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A detailed breakdown of the activity survey showed conditions were deteriorating on almost every level, with factory output sinking to a near four-year low, domestic and export orders declining at a faster rate than in July and companies laid off more workers.

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US Federal Reserve policymakers discussed China, Greece’s debt crisis and the weak state of the global economy at their last meeting in July, according to minutes of the meeting released this week.

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US stock futures fell sharply after the PMI report and most Asian stock markets and the Australian dollar extended early losses. Overnight on Wall Street, the S&P 500 sank to a more than six-month low on concerns about how China’s slowdown would impact US firms’ earnings and global growth.

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Tony Cross, an analyst with Trustnet Direct in London, said the FTSE could be heading for its worst week this year. “As it stands the FTSE 100 is on course to post its biggest weekly decline of the year so far and there’s not a great deal on the agenda that would appear to have the ability to salvage the situation before the weekend break,” he said.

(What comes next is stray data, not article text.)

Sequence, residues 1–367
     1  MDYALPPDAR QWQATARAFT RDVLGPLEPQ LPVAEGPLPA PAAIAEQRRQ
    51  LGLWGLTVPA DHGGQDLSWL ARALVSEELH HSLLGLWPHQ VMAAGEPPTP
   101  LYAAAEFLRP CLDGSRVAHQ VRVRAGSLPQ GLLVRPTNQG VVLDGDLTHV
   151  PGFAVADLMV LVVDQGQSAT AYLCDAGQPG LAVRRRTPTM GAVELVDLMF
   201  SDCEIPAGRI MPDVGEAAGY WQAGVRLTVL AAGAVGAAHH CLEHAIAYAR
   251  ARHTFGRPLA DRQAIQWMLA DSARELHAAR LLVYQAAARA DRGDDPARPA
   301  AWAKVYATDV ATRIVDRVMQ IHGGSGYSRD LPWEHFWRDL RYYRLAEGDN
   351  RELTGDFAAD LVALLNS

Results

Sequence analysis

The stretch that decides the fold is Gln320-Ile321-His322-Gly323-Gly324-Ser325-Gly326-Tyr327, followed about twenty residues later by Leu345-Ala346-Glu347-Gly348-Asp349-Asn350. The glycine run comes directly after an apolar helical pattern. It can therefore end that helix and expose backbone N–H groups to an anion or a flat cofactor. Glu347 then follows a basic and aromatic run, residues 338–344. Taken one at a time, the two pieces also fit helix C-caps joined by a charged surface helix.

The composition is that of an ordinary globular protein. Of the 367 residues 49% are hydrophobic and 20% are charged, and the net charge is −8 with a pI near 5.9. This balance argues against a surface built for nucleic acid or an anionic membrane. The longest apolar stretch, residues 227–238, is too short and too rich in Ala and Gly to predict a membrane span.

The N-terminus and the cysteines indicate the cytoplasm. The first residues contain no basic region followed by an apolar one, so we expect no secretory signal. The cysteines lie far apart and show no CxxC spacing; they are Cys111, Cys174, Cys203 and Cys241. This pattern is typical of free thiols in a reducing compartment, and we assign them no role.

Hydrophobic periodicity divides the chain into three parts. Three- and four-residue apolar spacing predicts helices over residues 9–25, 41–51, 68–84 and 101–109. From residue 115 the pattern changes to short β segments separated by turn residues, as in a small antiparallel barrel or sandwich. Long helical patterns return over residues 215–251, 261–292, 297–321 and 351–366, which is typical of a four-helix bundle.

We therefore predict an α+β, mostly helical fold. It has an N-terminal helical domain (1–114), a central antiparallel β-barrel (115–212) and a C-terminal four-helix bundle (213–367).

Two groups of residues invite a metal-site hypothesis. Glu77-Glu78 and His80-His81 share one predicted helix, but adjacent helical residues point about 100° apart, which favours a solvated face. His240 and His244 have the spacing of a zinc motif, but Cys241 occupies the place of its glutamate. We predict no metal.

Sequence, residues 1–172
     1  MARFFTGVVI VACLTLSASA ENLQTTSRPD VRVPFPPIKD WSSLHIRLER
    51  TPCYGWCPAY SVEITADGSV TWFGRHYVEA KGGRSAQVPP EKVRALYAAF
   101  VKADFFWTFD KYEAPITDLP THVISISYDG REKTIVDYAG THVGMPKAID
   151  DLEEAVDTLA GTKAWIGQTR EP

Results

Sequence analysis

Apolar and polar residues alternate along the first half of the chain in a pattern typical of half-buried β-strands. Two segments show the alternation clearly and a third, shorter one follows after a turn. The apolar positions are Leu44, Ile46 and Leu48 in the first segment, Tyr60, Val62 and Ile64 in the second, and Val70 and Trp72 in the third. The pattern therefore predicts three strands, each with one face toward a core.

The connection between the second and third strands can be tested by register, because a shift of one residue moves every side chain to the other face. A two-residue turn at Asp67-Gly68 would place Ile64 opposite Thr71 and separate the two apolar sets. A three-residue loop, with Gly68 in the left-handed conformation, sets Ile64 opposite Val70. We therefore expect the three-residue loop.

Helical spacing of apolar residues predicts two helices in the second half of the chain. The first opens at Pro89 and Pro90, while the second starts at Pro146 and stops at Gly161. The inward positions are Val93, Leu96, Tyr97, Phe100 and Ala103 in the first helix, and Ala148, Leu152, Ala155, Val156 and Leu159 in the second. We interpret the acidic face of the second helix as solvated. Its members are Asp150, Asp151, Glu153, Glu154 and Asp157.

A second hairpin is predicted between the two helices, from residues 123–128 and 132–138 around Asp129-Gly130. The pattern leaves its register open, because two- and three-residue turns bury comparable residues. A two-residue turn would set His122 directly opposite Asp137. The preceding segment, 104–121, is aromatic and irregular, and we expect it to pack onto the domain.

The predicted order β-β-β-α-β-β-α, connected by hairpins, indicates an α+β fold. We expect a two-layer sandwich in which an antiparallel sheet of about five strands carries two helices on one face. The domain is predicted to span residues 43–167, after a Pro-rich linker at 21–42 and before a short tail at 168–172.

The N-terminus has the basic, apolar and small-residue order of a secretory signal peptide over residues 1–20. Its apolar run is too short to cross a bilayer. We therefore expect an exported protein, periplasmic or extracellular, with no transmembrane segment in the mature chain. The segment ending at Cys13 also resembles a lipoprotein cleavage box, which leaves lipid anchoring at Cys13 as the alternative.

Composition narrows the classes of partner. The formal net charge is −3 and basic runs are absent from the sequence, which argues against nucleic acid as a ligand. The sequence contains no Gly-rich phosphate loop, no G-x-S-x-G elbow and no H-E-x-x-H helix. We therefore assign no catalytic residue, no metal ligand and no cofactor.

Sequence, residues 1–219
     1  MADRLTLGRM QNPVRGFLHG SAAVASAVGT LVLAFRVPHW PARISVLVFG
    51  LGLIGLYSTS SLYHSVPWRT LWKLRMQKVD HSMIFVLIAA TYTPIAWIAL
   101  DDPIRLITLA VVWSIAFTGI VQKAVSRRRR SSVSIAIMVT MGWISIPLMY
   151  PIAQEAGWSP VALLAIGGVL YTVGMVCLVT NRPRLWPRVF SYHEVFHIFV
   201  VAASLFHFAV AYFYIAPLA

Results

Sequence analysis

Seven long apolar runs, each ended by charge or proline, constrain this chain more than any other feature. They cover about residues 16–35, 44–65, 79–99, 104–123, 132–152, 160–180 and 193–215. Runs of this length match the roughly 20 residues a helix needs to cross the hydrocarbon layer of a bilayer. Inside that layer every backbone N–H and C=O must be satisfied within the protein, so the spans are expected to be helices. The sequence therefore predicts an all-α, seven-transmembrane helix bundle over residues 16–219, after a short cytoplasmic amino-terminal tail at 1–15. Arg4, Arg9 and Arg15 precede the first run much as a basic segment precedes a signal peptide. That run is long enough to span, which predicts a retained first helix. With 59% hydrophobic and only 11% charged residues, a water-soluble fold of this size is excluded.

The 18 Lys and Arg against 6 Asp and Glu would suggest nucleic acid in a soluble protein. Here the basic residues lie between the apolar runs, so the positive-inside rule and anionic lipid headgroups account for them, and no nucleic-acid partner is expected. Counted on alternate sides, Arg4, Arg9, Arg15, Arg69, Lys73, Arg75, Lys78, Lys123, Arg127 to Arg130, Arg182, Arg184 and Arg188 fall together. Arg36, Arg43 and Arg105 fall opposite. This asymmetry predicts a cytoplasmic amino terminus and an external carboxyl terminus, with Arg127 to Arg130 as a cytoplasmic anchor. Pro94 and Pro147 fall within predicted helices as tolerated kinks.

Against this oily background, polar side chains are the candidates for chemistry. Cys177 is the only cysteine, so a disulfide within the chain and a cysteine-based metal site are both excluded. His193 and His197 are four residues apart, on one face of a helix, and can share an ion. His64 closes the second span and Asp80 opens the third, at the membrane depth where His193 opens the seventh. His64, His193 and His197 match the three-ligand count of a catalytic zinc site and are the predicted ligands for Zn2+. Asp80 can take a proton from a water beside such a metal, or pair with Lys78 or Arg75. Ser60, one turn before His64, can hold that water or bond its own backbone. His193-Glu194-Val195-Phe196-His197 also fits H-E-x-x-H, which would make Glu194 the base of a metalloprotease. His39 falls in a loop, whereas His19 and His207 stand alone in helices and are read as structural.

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Connor Campbell, an analyst at Financials, also predicted fresh lows. Oil and mining stocks were “drowning in losses” from the beginning of the day, he said. – Guardian